Crumby is good

Crumby is good

October 15, 2009 13:24

To celebrate the finale of the harvest holiday season I prepare sweets that showcase fruit. Now there are delicious apples and pears in season. Both are versatile and perfect for a variety of festive desserts, from blintzes to cakes to pies. If you're making a pie, consider embellishing it with crumbs. A sprinkling of crumbs may not sound like a special-occasion garnish, but it certainly is when you are talking about the buttery bits of the sweet pastry known as streusel. A pie enhanced with streusel is fit for a feast. Streusel bakes to a golden, light-textured, melt-in-your-mouth crumble topping that is wonderful with fruit. Popular in Jewish bakeries in the US and in German, Hungarian and Polish pastry-making, the term "streusel" comes from a German word meaning something that is strewn. Sweet, buttery streusel is much easier to make than a pastry lattice or a top crust for a double-crusted pie. For the apple pie recipe below, you can customize the preparation to your own taste and pace. Consider the recipe's three components - the streusel, the French style pastry shell and the apple filling - as basic elements, to be used together in the pie or for other desserts. Make the pie from all three parts, including the rich, slightly sweet pastry shell, to get the most luscious dessert. For shortcuts, use purchased pie dough, or omit the pastry crust completely and simply bake the vanilla and lemon-flavored apple filling with the streusel topping. You can even make a super-quick recipe from the filling itself, topped with granola if you wish. If you'd like to honor Simhat Torah by including biblical ingredients in your dessert, stir 1⁄4 cup raisins or chopped dates into the apple filling or substitute honey for 1 or 2 tablespoons of the filling's sugar. For a dairy dinner, you can introduce the milk-and-honey theme by serving the pie with whipped cream, sour cream or vanilla yogurt sweetened with a drizzle of honey. STREUSEL APPLE PIE Streusel makes a delightful topping for fruit pies with moist fillings, such as this one - of vanilla and lemon-flavored apples. The contrast of textures, with the delicately crisp crust, the smooth filling and the buttery crumble topping, is the key to its charm. Bake the dessert as a tart using dessert tart pastry as a base and a fluted tart pan, or make it as an American-style pie with your favorite homemade or purchased pie shell. Makes 8 servings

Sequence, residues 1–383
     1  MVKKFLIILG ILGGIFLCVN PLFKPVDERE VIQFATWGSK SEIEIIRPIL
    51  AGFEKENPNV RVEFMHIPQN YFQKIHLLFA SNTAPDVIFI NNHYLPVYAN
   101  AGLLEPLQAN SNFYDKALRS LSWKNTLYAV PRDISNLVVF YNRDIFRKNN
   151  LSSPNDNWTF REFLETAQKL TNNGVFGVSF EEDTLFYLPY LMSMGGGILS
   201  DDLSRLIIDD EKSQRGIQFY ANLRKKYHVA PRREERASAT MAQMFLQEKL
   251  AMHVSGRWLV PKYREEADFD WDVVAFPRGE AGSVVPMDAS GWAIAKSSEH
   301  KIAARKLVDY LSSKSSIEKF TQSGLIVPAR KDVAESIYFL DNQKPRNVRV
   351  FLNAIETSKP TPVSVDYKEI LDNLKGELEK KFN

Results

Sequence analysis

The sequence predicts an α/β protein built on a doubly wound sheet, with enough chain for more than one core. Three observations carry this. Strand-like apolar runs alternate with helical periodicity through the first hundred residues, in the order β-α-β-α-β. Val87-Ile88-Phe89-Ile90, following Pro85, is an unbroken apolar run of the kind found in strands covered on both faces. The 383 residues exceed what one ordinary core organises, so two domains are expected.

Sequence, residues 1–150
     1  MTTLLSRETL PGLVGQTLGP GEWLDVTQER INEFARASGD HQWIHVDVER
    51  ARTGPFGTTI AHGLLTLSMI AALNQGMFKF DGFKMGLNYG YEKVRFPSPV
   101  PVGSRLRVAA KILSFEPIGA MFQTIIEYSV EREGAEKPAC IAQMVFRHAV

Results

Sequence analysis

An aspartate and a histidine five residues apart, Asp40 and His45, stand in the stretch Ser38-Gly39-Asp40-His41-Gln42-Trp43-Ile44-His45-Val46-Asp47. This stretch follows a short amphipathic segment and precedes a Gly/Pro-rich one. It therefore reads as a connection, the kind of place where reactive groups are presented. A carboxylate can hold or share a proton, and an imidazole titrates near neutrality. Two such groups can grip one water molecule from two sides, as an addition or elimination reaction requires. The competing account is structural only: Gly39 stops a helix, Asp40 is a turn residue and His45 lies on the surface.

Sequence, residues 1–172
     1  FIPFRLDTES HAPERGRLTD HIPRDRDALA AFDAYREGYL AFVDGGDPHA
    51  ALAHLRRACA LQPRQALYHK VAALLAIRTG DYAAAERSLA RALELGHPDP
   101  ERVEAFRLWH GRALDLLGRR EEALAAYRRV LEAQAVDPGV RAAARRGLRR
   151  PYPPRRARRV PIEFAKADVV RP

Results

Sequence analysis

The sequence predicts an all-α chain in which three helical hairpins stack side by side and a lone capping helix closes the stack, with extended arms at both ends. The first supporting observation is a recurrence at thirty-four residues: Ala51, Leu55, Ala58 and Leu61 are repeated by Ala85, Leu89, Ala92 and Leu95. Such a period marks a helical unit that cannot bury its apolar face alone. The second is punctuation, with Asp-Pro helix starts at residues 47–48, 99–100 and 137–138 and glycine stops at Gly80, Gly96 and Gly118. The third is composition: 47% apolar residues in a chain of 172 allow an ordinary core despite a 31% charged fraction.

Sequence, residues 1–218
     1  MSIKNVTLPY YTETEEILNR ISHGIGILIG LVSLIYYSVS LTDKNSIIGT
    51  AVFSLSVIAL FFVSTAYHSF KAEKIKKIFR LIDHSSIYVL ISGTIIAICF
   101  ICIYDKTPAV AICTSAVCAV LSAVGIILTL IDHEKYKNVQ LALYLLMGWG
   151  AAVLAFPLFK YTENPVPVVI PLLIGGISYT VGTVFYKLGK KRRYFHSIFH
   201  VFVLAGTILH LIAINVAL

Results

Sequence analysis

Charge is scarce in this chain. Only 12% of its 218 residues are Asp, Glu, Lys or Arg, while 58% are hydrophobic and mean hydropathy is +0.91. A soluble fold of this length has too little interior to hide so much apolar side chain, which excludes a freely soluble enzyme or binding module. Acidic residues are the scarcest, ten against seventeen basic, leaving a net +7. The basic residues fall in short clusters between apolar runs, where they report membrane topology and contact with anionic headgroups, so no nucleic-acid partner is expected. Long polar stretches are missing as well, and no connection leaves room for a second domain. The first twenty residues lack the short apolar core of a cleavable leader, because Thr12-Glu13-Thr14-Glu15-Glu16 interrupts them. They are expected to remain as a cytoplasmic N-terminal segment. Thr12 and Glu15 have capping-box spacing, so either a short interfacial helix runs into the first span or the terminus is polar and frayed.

• Pastry for Dessert Tarts (see recipe below), refrigerated, or a 23-cm. pie shell, unbaked
  • 1 kg. Golden Delicious or other sweet apples
  • 3 Tbsp. butter or margarine
  • 1⁄2 tsp. lemon juice
  • Grated zest of 1⁄2 lemon
  • 1 vanilla bean
  • 4 to 5 Tbsp. sugar
  • Streusel Topping (see recipe below)